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Decoding the mystery.

Decoding the Mystery

AS ACCESS CONTROL TECHNOLOGY continues to expand, security managers are faced with a number of often bewildering choices in system designs. Access control manufacturers and designers talk about integrated and stand-alone systems and readers; card technology options like magnetic stripe, Wiegand, barium ferrite, and proximity; and biometrics.

Access control can be integrated with a total security network and report to a proprietary security console where an operator can monitor security as well as the individuals entering multiple doors at remote locations. Stand-alone access control systems can be useful in situations where employee identification is the highest priority.

The most visible part of an access control system--the card reader--comes in several varieties to fit nearly any type of security application. Moat manufacturers provide card readers whose electronics fit into an interface box near the reader but on the protected side of the wall. This arrangements reduces the chance of tampering with the system, thus increasing its level of security.

Swipe readers comprise the majority of readers used today because people can gain entrance with a valid card with little delay. Individuals seeking entrance merely slide the card along the top, side, or bottom of the reader, depending on the application. Swipe readers, the best of which have very few moving parts, can be used outdoors as well as indoors and can be mounted in various fashions. The cost is reasonable, too.

Due to their low cost, magnetic stripe cards are the most widely used. Because of all the encoding equipment available to consumers, however, these cards can easily be duplicated. While the life of these cards is fairly good--keeping initial and long-term costs low--magnetic stripe cards should be used only in areas where security risks are moderate or where a personal identification number (PIN) is used in conjunction with the reader.

Wiegand cards, on the other hand, are higher in cost but possess a higher degree of security. These cards have wire bits in an embedded module containing a hard-to-duplicate encrypted code that prevents misreads and duplication.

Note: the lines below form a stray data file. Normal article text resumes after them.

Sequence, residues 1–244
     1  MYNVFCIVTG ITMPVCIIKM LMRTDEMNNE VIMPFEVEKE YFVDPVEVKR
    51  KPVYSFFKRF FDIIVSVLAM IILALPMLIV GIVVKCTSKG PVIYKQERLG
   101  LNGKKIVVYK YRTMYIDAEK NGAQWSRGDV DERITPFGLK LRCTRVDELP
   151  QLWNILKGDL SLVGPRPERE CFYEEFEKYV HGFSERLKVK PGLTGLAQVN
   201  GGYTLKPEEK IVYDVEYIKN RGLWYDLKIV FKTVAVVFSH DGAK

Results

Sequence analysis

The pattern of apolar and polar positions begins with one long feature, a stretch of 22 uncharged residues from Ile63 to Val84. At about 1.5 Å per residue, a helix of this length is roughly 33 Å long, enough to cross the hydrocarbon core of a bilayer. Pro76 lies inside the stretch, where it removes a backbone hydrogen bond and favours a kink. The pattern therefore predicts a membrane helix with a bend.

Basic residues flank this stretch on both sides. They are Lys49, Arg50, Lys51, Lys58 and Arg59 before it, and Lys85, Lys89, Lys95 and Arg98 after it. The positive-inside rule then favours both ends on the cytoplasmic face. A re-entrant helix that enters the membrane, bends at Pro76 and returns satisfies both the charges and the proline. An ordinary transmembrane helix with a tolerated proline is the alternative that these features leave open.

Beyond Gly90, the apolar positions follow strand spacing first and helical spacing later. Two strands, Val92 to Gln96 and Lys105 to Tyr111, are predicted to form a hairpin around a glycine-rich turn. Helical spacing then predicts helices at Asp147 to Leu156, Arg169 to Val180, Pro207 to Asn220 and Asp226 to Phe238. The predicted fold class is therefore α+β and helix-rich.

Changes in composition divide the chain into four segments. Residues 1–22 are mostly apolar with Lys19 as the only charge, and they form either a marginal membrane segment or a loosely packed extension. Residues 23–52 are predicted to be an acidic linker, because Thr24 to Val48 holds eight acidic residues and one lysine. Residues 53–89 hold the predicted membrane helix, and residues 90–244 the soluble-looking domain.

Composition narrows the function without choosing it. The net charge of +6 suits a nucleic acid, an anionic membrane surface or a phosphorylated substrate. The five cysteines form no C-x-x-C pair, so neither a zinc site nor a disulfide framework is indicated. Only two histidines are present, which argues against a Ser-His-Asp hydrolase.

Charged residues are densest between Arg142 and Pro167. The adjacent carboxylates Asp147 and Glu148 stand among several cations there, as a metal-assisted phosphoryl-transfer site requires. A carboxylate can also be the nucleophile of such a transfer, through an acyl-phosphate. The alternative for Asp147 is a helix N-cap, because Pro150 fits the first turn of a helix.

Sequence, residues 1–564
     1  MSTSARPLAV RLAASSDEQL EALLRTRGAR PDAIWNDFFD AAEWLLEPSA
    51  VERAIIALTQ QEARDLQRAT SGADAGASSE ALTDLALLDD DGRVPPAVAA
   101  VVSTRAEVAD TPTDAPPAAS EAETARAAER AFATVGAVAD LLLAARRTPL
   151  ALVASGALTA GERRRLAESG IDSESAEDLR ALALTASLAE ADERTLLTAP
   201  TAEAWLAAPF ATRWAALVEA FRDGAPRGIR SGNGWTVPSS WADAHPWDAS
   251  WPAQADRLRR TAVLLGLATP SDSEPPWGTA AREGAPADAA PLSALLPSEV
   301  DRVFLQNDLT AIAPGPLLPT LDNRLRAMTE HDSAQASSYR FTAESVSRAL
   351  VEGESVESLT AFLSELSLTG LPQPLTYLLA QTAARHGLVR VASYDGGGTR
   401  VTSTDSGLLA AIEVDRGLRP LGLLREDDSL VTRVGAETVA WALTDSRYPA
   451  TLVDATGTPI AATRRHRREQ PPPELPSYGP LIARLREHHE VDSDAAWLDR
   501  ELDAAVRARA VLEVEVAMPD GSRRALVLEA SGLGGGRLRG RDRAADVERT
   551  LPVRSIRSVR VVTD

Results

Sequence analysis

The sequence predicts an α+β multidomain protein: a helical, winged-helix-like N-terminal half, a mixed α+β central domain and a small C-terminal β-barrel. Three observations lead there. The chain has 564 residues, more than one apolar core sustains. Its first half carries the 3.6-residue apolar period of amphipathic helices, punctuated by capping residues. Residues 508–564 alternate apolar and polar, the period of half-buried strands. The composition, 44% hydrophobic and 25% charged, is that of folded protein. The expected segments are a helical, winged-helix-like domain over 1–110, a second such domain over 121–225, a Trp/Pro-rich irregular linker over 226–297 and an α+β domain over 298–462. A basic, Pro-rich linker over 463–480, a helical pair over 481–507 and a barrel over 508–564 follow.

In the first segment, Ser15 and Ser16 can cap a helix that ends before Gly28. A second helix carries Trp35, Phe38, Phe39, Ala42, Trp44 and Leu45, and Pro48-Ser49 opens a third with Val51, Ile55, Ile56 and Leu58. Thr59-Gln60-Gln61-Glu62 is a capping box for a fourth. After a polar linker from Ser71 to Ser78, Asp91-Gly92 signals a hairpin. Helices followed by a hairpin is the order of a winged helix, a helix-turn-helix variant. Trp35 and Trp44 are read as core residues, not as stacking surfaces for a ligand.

The cost of Wiegand cards is moderate, especially considering their high level of security. The reading equipment itself is acceptably priced. Overall, Wiegand cards probably possess the best price-to-features return of all card technologies on the market today.

Batium ferrite cards contain a thick, magnetically encoded sheet embedded within each card. Available for more than 40 years, barium ferrite cards and their reading equipment are more expensive than either magnetic stripe or Wiegand technologies. Nevertheless, they are difficult to duplicate and rate close to Wiegand cards in terms of the level of security they provide.

Proximity cards--another access control technology--allow for handsfree badging within a reading distance of two to 12 inches and are a tremendous convenience. The user need only walk through the area of the reader to gain entrance--a plus if the user has his or her hands full. The card simply remains in the user's pocket, wallet, or purse; it does not need to be swiped or inserted. Depending on the readability--now averaging some 98 percent of all reading attempts--the user gains or is denied access without taking out the card. In situations where many employees go through a low-security area, proximity readers are a desirable option.

Biometrics, a technology based on reading the physical attributes of an individual through retina scanning, signature verification, voice verification, and other methods, was at one time limited to government use and to supersensitive installations. Biometrics will soon acquire a larger market share in access control sales because much of its development stage has passed and costs will be within reach of a larger group of buyers. Much of the mystery behind it, too, will disappear as access control becomes an integral part of daily security needs.

Susan Bricker is assistant COMSEC product manager systems for the Electronic Security Division of Mosler Inc. in Wayne, NJ.
COPYRIGHT 1989 American Society for Industrial Security
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Title Annotation:electronic security systems and key cards
Author:Bricker, Susan
Publication:Security Management
Date:Jul 1, 1989
Previous Article:It's in the cards.
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